Visionary Optics recently introduced the Latitude scleral lens. According to the company’s research, most patients’ corneal and scleral shapes do not conform to scleral lens designs based upon peripheral curve systems. Its answer to this dilemma was to create the Latitude lens, which has no peripheral curve system; rather, it is a freeform lens designed to contour uniformly to each eye. The company says that it is the first such lens that is completely custom made to exactly fit the corneal and scleral surfaces based upon scleral topography (sMap3D) measurements.

The Latitude lens conforms to the scleral shape at the landing zone and is designed to even out the central, midperipheral, and limbal clearances regardless of the degree of corneal irregularity, including asymmetric ectasias in which uneven clearances are especially obvious, according to the company. Visionary Optics says that this uniformity of lens-to-ocular-surface clearance is critical to ocular surface health because it ensures that oxygenation to the cornea and limbus is optimized. Data required to fit the lens is based upon a no-ocular-touch, three- to five-minute corneal-scleral topography examination.

I recently talked with three practitioners who are actively fitting the Latitude scleral lens in their practices. Here we share their clinical experiences.

Please tell us about your general experience with Visionary Optics’ Latitude lens in your practice.

Edward Boshnick, OD, from Miami says that he has been very satisfied overall with the Latitude lens. “Patient comfort has been excellent. Optics have been excellent. The design is really form fit so every hill and valley of the ocular surface is replicated onto the back surface of the lens” he notes. “I’m very impressed with it.”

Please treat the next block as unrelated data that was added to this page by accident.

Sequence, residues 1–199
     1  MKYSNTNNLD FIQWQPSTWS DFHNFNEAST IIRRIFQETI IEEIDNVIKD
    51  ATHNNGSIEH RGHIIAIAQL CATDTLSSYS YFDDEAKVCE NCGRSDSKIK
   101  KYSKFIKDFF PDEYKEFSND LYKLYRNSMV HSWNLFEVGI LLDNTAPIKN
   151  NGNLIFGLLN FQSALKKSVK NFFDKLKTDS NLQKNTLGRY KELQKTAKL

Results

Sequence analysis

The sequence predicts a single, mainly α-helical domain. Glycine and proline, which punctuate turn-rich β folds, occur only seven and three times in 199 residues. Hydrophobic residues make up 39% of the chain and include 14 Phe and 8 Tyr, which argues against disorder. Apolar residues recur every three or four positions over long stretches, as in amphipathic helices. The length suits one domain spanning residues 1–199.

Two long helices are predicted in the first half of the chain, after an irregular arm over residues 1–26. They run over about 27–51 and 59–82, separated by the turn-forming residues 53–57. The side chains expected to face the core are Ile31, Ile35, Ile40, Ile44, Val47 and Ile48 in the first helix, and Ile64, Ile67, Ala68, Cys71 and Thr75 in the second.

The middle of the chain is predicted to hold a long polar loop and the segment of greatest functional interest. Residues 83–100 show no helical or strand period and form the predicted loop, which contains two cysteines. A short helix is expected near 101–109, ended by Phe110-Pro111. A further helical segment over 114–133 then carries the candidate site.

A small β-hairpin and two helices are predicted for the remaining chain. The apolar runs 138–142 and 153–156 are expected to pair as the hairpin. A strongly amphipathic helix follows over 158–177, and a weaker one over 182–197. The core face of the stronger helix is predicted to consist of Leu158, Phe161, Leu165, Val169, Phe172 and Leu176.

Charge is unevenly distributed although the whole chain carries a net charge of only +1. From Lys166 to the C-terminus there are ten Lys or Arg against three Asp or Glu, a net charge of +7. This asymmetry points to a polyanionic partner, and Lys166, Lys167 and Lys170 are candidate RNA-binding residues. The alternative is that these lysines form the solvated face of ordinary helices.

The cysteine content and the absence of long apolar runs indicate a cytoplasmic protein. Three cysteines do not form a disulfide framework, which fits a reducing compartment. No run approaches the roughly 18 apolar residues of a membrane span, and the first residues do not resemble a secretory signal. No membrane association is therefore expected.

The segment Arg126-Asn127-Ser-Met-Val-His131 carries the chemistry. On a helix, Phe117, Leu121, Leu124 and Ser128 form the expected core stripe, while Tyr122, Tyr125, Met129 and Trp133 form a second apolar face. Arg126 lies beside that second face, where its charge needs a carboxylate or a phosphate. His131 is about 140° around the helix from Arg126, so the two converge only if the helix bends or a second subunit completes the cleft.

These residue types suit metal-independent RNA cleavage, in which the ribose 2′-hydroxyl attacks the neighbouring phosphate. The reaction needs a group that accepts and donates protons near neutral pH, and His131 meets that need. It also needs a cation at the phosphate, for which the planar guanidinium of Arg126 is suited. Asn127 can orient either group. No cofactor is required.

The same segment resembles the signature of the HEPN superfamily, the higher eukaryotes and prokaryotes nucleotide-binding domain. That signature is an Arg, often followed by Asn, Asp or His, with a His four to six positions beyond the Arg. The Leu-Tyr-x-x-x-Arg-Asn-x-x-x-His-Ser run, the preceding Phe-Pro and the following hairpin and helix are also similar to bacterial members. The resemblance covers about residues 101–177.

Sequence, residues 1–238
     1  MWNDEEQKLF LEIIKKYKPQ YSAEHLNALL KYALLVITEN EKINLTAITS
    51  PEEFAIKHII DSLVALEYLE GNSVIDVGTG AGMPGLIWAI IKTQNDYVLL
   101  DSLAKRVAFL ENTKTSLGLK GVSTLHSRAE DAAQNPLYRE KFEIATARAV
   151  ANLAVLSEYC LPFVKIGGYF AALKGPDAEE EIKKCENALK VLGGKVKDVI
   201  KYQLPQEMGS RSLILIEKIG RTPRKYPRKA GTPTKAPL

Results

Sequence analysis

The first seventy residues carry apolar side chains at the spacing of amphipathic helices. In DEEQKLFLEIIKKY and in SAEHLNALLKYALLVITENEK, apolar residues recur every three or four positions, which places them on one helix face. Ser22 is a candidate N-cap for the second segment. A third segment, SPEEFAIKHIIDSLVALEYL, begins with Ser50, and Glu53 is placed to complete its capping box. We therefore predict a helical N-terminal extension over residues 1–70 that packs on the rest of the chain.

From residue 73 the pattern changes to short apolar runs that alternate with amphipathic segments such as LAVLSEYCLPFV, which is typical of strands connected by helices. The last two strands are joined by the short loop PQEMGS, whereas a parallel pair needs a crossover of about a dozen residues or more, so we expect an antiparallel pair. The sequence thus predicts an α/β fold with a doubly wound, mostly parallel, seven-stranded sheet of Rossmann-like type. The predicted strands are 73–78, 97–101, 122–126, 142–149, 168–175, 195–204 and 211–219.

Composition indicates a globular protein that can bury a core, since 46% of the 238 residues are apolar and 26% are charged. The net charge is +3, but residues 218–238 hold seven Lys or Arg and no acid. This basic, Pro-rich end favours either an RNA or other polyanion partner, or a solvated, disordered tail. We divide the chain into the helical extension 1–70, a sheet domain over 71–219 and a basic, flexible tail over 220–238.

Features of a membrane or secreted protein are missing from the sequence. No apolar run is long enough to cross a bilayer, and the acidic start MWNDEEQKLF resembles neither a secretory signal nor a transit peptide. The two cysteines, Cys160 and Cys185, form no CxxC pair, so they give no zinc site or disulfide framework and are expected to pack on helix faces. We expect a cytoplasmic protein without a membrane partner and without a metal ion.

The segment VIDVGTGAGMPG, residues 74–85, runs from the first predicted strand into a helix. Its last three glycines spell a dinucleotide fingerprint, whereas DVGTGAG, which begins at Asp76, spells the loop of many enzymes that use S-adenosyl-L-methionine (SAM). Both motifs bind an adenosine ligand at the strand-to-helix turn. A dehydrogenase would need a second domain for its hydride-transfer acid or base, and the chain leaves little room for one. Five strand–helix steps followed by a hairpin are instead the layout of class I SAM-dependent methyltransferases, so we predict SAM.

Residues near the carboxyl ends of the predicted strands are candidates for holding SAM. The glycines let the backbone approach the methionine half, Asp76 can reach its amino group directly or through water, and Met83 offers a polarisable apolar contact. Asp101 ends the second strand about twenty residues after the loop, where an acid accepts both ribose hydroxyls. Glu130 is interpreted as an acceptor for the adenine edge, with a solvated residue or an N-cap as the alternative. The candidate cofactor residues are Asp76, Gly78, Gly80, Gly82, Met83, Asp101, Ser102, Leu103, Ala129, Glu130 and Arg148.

The Latitude lens is custom-fit to the corneal and scleral surfaces based upon scleral topography measurements.

He also notes that the lens fills a hole not previously filled for scleral lens wearers. “There is no scleral lens technology that will work on every single person. It is just not possible,” he explains. “But, this lens really works with a large segment of the high-need population ... such as patients who have keratoconus, dry eye, and various types of corneal diseases, dystrophies, and degenerations. It works in a very high percentage of such cases.”

Robert Lopez, OD, from Chicago, concurs. “Latitude has been what scleral lens fitting has needed since the beginning but, obviously, wasn’t available. It has been a real game-changer for my scleral lens practice,” Dr. Lopez says.

“Previous scleral lens designs required some degree of guessing and a trial-and-error process. We are now able to boil it down right away and get the best possible fit much faster. It cuts down on chair time significantly, which is a huge help,” he continues. “A lot of practitioners are dipping their toes in the scleral lens modality, and they are going to have some success, but they will invariably get some complicated cases. This really simplifies everything.”